day 7 // the babiest brother.

A friend messaged me today that it seems that it’s a birthday everyday here. And the truth is, everyday I have woken up here so far feels like it’s my birthday. Because when I wake up on my birthday I feel like no one expects anything from me. I feel like there are no rules. I feel like I should soak up every second of the day. I feel like celebrating the life I’ve been given. I feel lighter. I feel older. I feel better. 

Yep, that’s how I feel here.

But today it actually was my brother’s birthday. Seven-freakin’-teen. The significance of seventeen here isn’t that it’s the best year ever for most everyone. The freedom-to-responsibility ratio is really unparalleled by any other year on planet earth, IMO. But, no, the significance of seventeen here is that that’s how old I was when I got my brother Cooper. I remember I was working on the maintenance crew at Sterling College that summer (where my painters and weed killers at?!). My friends Colin and Carrie had been at our house the night before, and it was very common for my friends to want to hang out with my parents more than me when they were at our house. (My mom’s a babe and my dad’s hilarious.) So we were hanging in the living room with my parents and my mom kept saying “there’a another contraction…” and I didn’t think anything of it. Until I woke up the next morning for work and my parents were gone.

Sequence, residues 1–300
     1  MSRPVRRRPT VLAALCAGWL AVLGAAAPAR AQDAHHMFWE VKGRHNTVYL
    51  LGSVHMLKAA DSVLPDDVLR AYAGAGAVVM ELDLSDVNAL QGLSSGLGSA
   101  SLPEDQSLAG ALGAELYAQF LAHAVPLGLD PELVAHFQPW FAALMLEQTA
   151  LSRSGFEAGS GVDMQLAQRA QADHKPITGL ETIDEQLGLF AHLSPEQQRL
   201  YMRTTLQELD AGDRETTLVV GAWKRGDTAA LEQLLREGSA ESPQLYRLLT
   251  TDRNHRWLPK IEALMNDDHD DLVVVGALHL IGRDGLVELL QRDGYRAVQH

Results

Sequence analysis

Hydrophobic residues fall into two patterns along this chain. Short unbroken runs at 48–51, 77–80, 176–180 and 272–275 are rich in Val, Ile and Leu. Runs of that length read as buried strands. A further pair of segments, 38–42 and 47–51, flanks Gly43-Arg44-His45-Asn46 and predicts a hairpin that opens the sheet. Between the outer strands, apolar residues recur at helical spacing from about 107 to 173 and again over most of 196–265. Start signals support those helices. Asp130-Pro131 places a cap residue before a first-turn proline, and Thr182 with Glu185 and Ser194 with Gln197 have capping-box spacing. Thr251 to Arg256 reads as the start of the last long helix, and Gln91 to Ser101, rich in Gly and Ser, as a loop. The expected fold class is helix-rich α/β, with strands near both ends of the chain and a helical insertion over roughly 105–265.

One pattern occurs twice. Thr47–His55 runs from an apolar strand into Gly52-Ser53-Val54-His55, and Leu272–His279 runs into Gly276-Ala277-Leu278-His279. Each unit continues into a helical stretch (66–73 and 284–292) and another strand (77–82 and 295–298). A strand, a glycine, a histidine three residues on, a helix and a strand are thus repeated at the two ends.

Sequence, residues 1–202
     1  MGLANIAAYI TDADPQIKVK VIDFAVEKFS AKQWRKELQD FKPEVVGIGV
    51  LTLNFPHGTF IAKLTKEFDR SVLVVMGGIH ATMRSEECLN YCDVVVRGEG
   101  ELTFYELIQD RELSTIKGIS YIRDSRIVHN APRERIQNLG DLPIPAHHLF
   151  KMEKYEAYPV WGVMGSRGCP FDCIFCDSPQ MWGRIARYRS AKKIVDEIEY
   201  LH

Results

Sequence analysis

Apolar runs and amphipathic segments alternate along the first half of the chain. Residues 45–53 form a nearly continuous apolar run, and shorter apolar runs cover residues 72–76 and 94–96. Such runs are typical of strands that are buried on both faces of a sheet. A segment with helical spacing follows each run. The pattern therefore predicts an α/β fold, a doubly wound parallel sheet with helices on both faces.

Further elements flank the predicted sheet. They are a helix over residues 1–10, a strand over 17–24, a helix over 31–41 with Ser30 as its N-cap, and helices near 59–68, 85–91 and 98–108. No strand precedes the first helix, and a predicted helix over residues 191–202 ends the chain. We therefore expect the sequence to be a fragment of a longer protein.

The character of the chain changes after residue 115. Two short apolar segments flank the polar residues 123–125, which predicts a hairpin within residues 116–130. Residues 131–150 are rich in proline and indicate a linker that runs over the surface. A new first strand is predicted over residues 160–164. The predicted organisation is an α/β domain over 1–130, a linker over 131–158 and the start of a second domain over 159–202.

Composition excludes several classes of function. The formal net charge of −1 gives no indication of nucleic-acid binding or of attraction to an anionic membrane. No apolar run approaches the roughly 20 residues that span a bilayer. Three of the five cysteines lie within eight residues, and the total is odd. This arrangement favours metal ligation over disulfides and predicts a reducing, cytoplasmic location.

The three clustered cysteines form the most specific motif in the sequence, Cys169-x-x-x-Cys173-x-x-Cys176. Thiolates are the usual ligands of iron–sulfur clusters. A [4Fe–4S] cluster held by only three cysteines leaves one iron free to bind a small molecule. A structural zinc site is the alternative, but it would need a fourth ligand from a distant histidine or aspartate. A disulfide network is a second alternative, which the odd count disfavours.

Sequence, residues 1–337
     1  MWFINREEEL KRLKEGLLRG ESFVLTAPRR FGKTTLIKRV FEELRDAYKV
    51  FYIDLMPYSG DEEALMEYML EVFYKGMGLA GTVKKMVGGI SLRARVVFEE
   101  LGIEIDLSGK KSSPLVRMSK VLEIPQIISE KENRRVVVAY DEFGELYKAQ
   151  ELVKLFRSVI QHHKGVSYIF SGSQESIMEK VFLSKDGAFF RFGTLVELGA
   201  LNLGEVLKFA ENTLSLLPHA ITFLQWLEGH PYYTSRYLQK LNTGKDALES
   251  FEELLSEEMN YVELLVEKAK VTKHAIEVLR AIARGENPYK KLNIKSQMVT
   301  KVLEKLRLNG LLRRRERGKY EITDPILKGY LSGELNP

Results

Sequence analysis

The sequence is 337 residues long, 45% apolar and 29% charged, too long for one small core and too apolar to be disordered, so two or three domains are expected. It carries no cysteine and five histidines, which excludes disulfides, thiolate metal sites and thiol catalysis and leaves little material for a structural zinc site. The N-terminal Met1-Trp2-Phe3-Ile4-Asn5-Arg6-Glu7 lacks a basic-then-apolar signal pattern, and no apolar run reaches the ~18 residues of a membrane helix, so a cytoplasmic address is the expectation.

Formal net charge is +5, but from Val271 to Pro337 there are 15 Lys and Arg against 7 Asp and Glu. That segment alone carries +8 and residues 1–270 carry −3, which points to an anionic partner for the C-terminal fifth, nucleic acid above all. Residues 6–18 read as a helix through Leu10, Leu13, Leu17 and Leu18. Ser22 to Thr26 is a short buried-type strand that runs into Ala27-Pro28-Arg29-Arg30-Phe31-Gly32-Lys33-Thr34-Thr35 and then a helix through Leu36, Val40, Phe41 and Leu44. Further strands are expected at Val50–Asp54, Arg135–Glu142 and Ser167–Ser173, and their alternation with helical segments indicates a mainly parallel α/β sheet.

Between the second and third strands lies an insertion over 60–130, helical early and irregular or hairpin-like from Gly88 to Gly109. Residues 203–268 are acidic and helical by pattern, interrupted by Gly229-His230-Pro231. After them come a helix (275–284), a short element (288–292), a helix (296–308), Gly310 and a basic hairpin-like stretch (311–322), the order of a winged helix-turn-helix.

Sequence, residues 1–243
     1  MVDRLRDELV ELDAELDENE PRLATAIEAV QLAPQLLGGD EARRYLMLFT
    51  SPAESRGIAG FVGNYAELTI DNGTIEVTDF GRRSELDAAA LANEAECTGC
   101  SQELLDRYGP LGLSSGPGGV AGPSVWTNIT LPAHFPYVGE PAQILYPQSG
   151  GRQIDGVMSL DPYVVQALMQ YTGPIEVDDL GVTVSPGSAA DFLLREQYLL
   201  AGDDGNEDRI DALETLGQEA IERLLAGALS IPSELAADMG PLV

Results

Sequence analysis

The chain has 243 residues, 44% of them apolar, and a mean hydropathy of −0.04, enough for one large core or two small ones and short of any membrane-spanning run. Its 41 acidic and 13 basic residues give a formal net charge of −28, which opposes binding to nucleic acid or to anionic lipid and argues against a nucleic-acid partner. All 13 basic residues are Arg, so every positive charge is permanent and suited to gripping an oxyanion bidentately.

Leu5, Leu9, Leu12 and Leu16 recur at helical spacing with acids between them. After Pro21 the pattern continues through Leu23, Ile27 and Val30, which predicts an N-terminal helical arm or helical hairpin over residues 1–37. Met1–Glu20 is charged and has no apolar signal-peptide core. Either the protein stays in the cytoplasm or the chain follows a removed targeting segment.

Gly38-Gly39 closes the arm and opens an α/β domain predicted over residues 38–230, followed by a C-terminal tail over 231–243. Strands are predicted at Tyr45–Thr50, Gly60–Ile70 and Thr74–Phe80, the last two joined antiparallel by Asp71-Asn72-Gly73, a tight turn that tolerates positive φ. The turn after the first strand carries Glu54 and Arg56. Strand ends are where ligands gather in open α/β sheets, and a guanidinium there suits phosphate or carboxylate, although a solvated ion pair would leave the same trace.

(Editor’s note: they had woken me up in the middle of the night saying they were going to hospital. But I’m a phenomenally hard sleeper. Once slept through a tornado knocking an actual oak tree through the roof into my bedroom. That’s Kansas Nicolle, thankuverymuch.)

So I woke up and came to and drove my other brothers Taylor & Riley over to the hospital. I remember we hit a Burger King drive through on the way. Beyond that, that day was a blur. But the meaning of having a brother 17 years younger than me is clear as day. 

He showed ME what it really meant to be a mom years before I was one. I remember mom up late nursing and dragging the carseat to volleyball tournaments. Maybe that’s why I was realistic about what having a newborn looked like. He kept me coming home every six weeks when I went to college - bc I was so afraid if I didn’t, he would never know me. Maybe that’s why I never fell out of love with this town. And when he is up in his room practicing drums at approximately 8 million decibels, I remember trying to practice the piano while my brothers watched the tv too loud. And maybe that’s why I could play through the  gigs where no one was listening in the early years. 

Maybe it’s the babiest brother that taught me how to grow up the most. I don’t know. All I know is he was there when I turned 17. In diapers. In mom’s arms. And I was there when he turned 17. In pajamas. In the house next door. 

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Nicolle GalyonComment